So the game continued until turn 5, but at that stage I had 15 points (I even got the objective that requires controlling every single objective, which I managed easily enough as everyone was dead or locked in combat) and he only had one guy left who was in combat with 3 Grotesques.

So it looked like a walkover, but once you take all the boxcars for Ld checks into account and the fact that his key units got randomly pinned turn 1, it doesn’t look quite as bad for the Wolves.

Game 2 against Chaos Space Marines

I played Thierry’s Slaaneshi Marines. He ran some Noise Marines, two Contemptors with Butcher Cannons, a Defiler, some Cultists, two Rhinos full of dudes, a Chaos Lord, some Nurgle Obliterators and that’s about it. We played the basic Maelstrom mission with 3 objective cards per turn, replacing all useless cards immediately, as one should. I rolled first turn but he seized on me. As a result, my Incubi and both Grotesque units spent the game walking as their Raiders were dropped immediately. I also was unable to make a jink save on turn 1. Still he didn’t score any points as all his objectives were on my side of the table. I had a poor first turn, not killing a single unit, only dropping a couple of models or taking a couple of hull points off a Rhino.

Fortunately, his dice went cold and mine went hot in turn 2, so his shooting failed to make much of a dent. All in all, I destroyed all his Rhinos and his Cultists skirmishing screen which penned him in in his deployment zone while I could score a few points. In turn 3, I got a bucket load of points for destroying a unit each in my shooting and assault phase (one of the Dark Eldar specific cards) and the generic card that requires killing a unit in assault and did a similar thing in turn 4 where I got both the Dark Eldar and generic cards that required a failed morale check, so I had another double point for fulfilling one card. We decided to call it there as he was unable to catch up with the points at that stage.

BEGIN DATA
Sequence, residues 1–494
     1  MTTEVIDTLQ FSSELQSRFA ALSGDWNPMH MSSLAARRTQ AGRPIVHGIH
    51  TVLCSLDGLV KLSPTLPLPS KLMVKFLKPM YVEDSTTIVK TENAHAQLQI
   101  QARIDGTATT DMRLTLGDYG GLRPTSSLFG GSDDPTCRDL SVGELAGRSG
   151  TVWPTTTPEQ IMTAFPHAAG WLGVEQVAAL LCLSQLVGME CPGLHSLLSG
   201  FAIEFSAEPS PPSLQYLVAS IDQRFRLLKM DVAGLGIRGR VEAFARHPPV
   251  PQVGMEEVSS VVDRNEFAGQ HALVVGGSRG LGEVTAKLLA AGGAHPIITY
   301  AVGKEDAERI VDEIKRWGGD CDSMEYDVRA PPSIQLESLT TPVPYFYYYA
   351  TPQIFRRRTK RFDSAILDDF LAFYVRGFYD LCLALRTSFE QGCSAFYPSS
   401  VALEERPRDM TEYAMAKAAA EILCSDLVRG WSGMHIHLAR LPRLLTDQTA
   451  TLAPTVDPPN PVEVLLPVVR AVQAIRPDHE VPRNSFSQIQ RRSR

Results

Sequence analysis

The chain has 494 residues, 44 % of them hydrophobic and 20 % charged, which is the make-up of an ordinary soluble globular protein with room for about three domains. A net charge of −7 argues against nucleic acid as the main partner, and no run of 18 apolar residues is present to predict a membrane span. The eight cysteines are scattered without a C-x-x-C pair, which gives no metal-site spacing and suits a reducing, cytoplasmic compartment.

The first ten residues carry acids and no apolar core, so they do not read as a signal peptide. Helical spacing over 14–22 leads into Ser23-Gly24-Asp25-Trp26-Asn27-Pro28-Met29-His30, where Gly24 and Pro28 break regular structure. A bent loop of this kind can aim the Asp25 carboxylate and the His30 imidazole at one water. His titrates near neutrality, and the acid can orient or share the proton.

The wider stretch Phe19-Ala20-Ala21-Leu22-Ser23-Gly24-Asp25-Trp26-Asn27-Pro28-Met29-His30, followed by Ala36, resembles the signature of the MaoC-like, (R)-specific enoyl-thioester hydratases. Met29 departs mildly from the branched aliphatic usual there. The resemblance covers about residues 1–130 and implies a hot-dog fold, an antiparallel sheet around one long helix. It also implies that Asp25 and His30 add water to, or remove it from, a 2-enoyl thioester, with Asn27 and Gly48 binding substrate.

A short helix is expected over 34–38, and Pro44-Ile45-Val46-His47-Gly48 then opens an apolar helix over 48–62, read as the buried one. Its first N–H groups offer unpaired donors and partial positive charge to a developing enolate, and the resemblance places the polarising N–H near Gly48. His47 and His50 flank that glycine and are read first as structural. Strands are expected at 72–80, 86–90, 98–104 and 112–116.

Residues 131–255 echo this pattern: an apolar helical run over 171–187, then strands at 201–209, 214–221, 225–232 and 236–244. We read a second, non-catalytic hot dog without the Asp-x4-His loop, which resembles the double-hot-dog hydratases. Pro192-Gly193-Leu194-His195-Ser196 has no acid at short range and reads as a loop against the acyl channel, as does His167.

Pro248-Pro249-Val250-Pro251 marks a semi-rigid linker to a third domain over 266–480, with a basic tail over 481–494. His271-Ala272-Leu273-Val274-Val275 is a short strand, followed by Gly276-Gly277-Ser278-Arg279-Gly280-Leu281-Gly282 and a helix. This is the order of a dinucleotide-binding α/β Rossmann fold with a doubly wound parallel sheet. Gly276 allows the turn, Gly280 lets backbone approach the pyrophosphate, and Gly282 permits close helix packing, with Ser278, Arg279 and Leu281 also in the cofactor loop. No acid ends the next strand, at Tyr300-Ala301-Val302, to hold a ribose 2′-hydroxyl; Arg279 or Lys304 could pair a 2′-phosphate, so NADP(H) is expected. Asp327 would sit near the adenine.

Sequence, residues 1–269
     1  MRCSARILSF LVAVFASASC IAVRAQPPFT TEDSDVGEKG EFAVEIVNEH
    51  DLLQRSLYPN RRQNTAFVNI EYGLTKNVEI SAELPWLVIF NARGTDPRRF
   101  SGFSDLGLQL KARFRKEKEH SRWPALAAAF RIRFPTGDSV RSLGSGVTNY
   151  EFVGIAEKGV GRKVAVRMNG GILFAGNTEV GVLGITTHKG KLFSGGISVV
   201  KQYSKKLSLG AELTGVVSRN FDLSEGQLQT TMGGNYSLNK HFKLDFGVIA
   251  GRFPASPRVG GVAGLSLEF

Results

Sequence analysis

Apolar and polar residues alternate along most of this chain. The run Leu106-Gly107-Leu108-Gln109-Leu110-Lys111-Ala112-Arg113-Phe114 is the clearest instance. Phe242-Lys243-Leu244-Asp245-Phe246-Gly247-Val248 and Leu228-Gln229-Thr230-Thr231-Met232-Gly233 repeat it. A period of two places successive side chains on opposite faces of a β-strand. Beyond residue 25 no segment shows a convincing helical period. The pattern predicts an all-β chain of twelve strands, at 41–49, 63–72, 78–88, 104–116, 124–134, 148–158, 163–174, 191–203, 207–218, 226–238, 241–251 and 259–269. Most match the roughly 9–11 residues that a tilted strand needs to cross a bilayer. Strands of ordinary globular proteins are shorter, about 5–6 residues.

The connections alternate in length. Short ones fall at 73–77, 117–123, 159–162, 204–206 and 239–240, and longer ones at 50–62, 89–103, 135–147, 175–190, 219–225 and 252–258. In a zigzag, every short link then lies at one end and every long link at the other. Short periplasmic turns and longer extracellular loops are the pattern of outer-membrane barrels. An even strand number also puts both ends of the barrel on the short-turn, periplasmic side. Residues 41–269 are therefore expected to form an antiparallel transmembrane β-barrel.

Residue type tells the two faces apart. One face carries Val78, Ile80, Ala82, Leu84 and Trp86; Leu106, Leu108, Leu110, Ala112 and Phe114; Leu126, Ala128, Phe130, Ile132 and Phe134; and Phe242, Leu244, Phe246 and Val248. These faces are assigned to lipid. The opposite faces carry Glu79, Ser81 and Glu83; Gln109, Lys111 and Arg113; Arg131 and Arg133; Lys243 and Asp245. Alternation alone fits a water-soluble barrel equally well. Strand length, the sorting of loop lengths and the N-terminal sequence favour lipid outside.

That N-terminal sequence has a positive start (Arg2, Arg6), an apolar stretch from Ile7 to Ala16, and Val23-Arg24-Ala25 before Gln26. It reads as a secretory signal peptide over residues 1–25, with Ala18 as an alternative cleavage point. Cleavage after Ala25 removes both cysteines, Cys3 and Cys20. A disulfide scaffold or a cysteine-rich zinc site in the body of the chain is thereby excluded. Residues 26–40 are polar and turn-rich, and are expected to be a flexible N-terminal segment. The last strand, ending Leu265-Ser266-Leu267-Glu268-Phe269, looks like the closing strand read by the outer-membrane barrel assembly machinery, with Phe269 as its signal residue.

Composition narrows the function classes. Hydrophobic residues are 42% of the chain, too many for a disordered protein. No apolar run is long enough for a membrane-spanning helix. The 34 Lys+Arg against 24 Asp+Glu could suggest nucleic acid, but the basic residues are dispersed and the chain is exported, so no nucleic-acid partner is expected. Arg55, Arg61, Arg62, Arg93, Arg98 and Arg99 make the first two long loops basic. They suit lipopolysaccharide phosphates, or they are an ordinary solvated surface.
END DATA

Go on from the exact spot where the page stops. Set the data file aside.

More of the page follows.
Games 3 and 4 against Tau

I played Kevin (actually I just realized that all three of my Warhammer-related friends named Kevin play Tau which is weird) in a two-game set. So we decided to do one each as starting and second player. We played the modified BAO missions as he is preparing for a tournament using them. He ran a standardish Tau list with double Riptide, some sacrificial Kroot and a Fire Warrior gunline, supported by two units of missile Broadsides and a Railhead, all with a sprinkling of Pathfinders and some Devilfish APCs to act as mobile scorers.

In game 1, he began and promptly used the Pathfinders and Missilesides to remove my Raiders to strand my melee elements. I managed to kill most of his Pathfinders by pouring truckloads of fire into them, but this meant that I could not actually reduce his weight of fire, only the quality of fire, in round 1. So he proceeded to blow up most of my vehicles over the first three turns whilst stalling my Grotesques and Incubi with the Kroot. Once I had cut my way through the skirmish line, I was in the open and my remaining units were shot down. In addition, the mission used kill points as a primary or secondary objective, so I lost quite badly, simply because I had too many fragile units to be able to dig myself out of that hole.

In game 2, I began and could take out the Pathfinders by moving my Raiders flat out to get them within 12” of them to use my Ld penalty bubbles, then causing morale checks on all 3 Pathfinder units, as well as on some Broadsides. As my Archon with Armour of Misery was within 6” as well, the Broadsides and one Pathfinder unit were at -3 Ld, which means only 5 or 6 for most Tau, they promptly legged it, as well as one other unit of Pathfinders, so there were only 3 of them left after turn 1. This affected his firepower and I was actually able to make jink saves for once. Thus my Raiders still ate it, but only after absorbing most of his firepower, so my melee units actually made it to his lines more or less intact. Another dose of morale checks at -3 cleaned out more of his units and I could charge in turn 2 without having to take overwatch fire from all his dudes. This let me clean up the other Broadsides and one Riptide as well as the Fire Warriors, meaning that it was just a mop-up after that. Nevertheless, I still conceded the kill points secondary to him, but winning on primary and tertiary as I had more objective points from the modified Maelstrom table and got First Blood, Warlord and Linebreaker.